JMU Student Shares Stage with Alger in Japan

Nation and World

After an exciting week at the International Network of Universities (INU) Student Symposium in Hiroshima, Japan, Bella Santos (’25) found herself back at JMU, reflecting on all she had done. The highlight of the trip was the opportunity to speak directly to leaders of the 12 INU member universities, including JMU’s own president, Jon Alger. She was selected to present after being nominated by her peers and completing a rigorous vetting process. The experience was nothing short of transformative, marking both her academic and her personal journeys.


JMU President Jon Alger with Bella Santos ('25) at the INU Student Symposium in Hiroshima, Japan. Photo by Vesna Hart


Founded in 1998, the INU is a consortium of universities from around the world that share common values, and actively seek new partnerships and experiences. JMU joined the consortium a year after its creation and has been an active participant in its programing ever since. This year, the INU’s annual Student Symposium aligned with the Leader’s Summit, a once-in-a-decade occurrence that happens when the INU’s charter is renewed by the presidents, chancellors, and rectors of its member universities.

To take advantage of having both leaders and students together, Hiroshima University hosted a joint dialogue where a select few students, including Santos, were able to speak directly to their decision-makers. A rare platform for students to share the challenges they face, and the opportunity to express their future hopes and concerns.


Santos, a highly motivated political science and international affairs major, didn’t quite know what to think about meeting Alger, “Honestly… I was like, not nervous to meet him, but I just didn’t know what to expect.” Her trepidation was quickly mollified once they got a chance to talk more. Santos was quick to note the interesting congruence of her experience with Alger’s, “He actually shared that when he was in high school, he went abroad and studied in Japan, and that was a formative experience for him. He finds a lot of joy in being able to give students that opportunity as well.” Even though this was not her first time traveling abroad, Santos was thankful for the support of JMU’s Center for Global Engagement to fund her trip to Hiroshima to participate in the symposium.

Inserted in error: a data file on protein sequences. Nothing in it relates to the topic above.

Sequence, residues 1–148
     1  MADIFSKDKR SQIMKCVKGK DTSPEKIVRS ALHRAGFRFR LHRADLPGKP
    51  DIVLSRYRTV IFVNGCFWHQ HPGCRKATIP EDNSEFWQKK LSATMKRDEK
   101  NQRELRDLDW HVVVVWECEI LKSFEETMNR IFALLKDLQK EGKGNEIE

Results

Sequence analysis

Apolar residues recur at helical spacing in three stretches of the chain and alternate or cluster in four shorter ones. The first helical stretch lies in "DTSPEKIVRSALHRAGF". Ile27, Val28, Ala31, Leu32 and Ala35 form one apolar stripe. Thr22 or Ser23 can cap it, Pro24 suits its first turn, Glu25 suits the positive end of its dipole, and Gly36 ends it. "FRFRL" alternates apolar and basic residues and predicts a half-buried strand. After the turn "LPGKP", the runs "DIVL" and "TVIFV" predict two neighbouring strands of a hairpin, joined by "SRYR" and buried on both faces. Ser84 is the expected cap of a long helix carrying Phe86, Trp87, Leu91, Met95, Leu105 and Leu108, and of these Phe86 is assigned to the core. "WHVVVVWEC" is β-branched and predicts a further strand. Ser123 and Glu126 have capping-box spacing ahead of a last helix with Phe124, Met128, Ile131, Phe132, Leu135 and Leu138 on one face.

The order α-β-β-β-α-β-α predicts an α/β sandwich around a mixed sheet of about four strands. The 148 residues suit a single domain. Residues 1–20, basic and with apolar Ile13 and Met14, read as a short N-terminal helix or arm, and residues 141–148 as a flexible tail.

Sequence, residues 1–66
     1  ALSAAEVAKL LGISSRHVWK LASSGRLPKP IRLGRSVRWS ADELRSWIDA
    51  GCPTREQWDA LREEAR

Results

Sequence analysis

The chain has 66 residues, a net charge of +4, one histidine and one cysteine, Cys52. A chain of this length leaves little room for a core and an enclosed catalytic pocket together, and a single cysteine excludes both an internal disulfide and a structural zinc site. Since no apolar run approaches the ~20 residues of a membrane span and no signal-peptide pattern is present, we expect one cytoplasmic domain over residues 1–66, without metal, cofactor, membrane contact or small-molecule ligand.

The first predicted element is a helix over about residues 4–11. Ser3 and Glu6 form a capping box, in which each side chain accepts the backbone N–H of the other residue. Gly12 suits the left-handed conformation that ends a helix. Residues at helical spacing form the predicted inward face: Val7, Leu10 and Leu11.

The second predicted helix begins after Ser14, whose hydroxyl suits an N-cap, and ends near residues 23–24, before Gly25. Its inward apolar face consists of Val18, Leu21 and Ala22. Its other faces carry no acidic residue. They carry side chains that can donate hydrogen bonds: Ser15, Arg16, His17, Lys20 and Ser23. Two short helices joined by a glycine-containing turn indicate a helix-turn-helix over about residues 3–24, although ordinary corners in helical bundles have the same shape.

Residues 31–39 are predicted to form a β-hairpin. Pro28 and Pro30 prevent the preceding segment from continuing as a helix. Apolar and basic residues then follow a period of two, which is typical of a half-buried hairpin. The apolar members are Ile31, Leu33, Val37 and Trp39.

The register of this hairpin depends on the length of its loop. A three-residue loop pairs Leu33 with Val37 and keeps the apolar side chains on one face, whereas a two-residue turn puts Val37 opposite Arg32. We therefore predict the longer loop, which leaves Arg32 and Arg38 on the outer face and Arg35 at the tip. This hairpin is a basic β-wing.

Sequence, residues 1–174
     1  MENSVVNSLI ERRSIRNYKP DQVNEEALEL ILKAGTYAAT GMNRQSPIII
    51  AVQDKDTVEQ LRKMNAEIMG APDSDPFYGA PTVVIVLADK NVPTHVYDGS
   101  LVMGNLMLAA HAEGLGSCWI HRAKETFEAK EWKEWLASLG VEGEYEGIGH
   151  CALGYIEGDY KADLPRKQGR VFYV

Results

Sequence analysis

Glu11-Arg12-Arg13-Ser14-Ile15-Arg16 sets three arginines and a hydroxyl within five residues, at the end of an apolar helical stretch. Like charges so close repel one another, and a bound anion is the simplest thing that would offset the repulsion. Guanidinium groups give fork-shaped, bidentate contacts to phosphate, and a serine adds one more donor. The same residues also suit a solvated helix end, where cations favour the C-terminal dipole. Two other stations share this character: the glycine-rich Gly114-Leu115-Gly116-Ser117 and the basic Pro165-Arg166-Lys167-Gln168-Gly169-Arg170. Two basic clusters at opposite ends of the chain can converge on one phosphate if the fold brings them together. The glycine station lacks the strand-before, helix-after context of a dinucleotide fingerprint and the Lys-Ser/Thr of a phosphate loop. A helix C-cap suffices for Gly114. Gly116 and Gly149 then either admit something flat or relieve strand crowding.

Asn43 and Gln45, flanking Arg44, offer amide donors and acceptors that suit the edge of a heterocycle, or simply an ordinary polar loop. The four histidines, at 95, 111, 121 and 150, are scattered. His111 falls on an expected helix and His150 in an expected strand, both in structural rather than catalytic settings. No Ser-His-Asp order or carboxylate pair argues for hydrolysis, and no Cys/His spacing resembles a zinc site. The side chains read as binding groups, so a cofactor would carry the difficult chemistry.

Santos’ experience in Japan did a lot more than bolster her resume, it changed her perspective on what students like her can accomplish around the world. That sentiment encapsulates a core goal of the INU’s Student Symposium: to provide students with a working knowledge of global citizenship and peace with a focus on cross-disciplinary problem solving of political, social, and economic issues. Goals which ring true for Santos, “Experiences abroad in general are so transformative. Being able to learn about new cultures, or languages, or places is just so important in creating a broader worldview.” Having a solid grasp of these concepts was especially important for Santos because it was her responsibility to distill the students’ concerns, and voice them directly to the university leaders.

Bella Santos preparing to present
Bella Santos ('25) preparing to present at the INU Student Symposium in Hiroshima, Japan. Photo by Vesna Hart

A responsibility she took very seriously. “There’s a need for giving a platform to students” Santos explained, “There’s only so much that we can do without university leadership to work with us and have that dialogue to be able to actually do something.” For the students at the symposium, the chance to interact with university leaders was not about airing grievances, it was an opportunity for them to share their collective vision for the future with the people currently in charge of shaping it.


In addition to the INU events, this year’s summit also aligned with the 78th anniversary of the atomic bombing. A time when the eyes of Japan, and the rest of the world, converged on Hiroshima to remember those who died, and to prevent another nuclear catastrophe from happening. Amid all this attention was Santos, standing as the voice of her peers, addressing the concerns they hold for the world.

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Photos from Hiroshima

by Zachary Kulzer

Published: Monday, October 30, 2023

Last Updated: Wednesday, April 24, 2024

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